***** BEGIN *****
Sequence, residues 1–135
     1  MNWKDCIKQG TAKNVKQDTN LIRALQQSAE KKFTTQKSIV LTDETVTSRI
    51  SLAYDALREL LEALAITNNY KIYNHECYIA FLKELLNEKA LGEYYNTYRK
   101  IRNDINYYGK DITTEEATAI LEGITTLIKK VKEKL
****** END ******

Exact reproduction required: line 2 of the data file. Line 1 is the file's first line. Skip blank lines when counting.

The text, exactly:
     1  MNWKDCIKQG TAKNVKQDTN LIRALQQSAE KKFTTQKSIV LTDETVTSRI